A photovoltaic power plant
Credit: Imagebroker/Photo Stock
Latin America Builds Another Energy Capital
By Marcela Valente
Generating electricity from the sun and from the wind is taking off with Latin American projects that include the region's own technology and manufacturing.
BUENOS AIRES, Mar 15 (Tierramérica).- Argentina is building its first solar electrical generator in the northwestern province of San Juan. The project calls for the manufacture of photovoltaic panels to supply the rest of the country and for the other member countries of the Southern Common Market (Mercosur).
The Argentine effort is a small project. In Mexico, plans are under way to achieve 25 percent electricity from clean and renewable sources by 2012, mostly from wind turbines. Brazil is promoting development of sources like solar, wind and tidal power.
"Humanity is on a one-way trip. We can't continue relying on fossil fuels, which are expensive, are running out, and have high costs resulting from the carbon dioxide emissions that cause the greenhouse effect," explained Francisco Alcoba, president of the national government's Provincial Energy Partnership in San Juan.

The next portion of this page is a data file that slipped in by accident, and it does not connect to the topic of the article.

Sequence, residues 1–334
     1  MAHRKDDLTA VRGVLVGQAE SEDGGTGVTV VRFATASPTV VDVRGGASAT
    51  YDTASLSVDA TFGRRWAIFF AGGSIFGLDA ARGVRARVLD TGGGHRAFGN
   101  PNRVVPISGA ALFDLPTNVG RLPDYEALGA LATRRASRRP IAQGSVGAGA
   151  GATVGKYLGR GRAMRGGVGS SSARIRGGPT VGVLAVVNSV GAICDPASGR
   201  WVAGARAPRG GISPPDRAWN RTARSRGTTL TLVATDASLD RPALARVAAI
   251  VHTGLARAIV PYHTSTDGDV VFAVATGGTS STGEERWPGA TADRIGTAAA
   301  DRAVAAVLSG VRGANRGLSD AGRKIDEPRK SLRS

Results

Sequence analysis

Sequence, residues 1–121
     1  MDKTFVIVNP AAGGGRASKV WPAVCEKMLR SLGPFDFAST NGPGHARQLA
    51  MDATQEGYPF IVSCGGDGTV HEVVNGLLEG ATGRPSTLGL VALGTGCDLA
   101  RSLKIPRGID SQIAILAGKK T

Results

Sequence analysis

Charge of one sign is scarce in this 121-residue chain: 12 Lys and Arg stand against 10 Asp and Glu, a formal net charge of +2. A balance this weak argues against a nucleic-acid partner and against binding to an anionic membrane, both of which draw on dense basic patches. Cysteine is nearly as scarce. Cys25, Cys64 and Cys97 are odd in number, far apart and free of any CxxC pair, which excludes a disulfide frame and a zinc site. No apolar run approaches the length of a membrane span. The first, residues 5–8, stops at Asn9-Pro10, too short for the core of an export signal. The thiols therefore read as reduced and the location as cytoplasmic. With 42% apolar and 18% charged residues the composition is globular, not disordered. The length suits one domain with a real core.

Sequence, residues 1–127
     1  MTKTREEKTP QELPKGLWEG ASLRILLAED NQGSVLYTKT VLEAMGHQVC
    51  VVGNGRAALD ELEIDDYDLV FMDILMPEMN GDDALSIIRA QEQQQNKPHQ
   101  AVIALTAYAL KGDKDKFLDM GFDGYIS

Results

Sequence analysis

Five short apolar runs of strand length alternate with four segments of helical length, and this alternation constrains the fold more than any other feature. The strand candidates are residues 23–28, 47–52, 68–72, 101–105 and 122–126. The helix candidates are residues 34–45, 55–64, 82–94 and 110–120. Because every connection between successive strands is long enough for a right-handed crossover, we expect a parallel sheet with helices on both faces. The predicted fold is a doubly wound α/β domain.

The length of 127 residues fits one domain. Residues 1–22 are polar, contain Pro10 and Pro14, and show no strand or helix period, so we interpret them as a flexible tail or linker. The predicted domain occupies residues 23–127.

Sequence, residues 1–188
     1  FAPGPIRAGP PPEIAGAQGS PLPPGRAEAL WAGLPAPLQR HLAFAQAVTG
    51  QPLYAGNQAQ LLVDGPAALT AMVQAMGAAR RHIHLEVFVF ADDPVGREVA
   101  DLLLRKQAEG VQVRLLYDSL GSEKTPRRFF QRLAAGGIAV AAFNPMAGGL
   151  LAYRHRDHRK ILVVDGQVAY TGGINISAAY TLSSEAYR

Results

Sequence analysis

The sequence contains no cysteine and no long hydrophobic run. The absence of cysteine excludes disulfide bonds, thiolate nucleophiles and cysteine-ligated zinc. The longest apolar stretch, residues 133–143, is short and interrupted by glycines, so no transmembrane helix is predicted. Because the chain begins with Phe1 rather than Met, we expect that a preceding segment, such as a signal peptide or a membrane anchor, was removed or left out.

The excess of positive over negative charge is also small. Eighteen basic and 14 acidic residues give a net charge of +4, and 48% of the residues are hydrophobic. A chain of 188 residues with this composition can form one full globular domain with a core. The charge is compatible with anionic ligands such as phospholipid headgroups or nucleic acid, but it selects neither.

This Andean province will begin construction of the Pilot Photovoltaic Generation Plant San Juan I, which with its 4,898 solar panels will reach a maximum installed potential of 1.2 megawatts that it will sell to the national electrical system. This country of 40 million inhabitants currently has an electrical capacity of 22,000 megawatts.
Argentina "had isolated projects based on solar energy panels in rural areas where the electrical network doesn't reach, but ours is the first production plant in the country and in South America," said Alcoba.
The San Juan government decided to make use of the natural conditions of the province, where the sky is clear most of the year. Furthermore, the soils of San Juan are a natural source of high-quality quartz, from which is extracted silicon, an important element for manufacturing solar panels.
On Mar. 5, the provincial government signed a construction contract with UTE Comsa Argentina-Comsa Spain, which won the bid for the project. The authorities want this site to serve also as a base of research and development, which could also benefit the Mercosur bloc (Argentina, Brazil, Paraguay and Uruguay).
A national legal framework established fiscal benefits and other incentives to promote the development of alternative energy sources, with the goal of supplying eight percent of the electrical demand by 2016.
As part of this policy, there are more calls for bids on clean energy projects. For solar, a quota was set for no less than 10 megawatts, and, according to Alcoba, there area already offers for 22.5 megawatts for installation also in San Juan.
Argentina is moving in a timid but firm trend in the direction of clean energy production, in keeping with the Initiative for a Green Economy, launched by the United Nations Environment Program (UNEP) in response to the global financial crisis.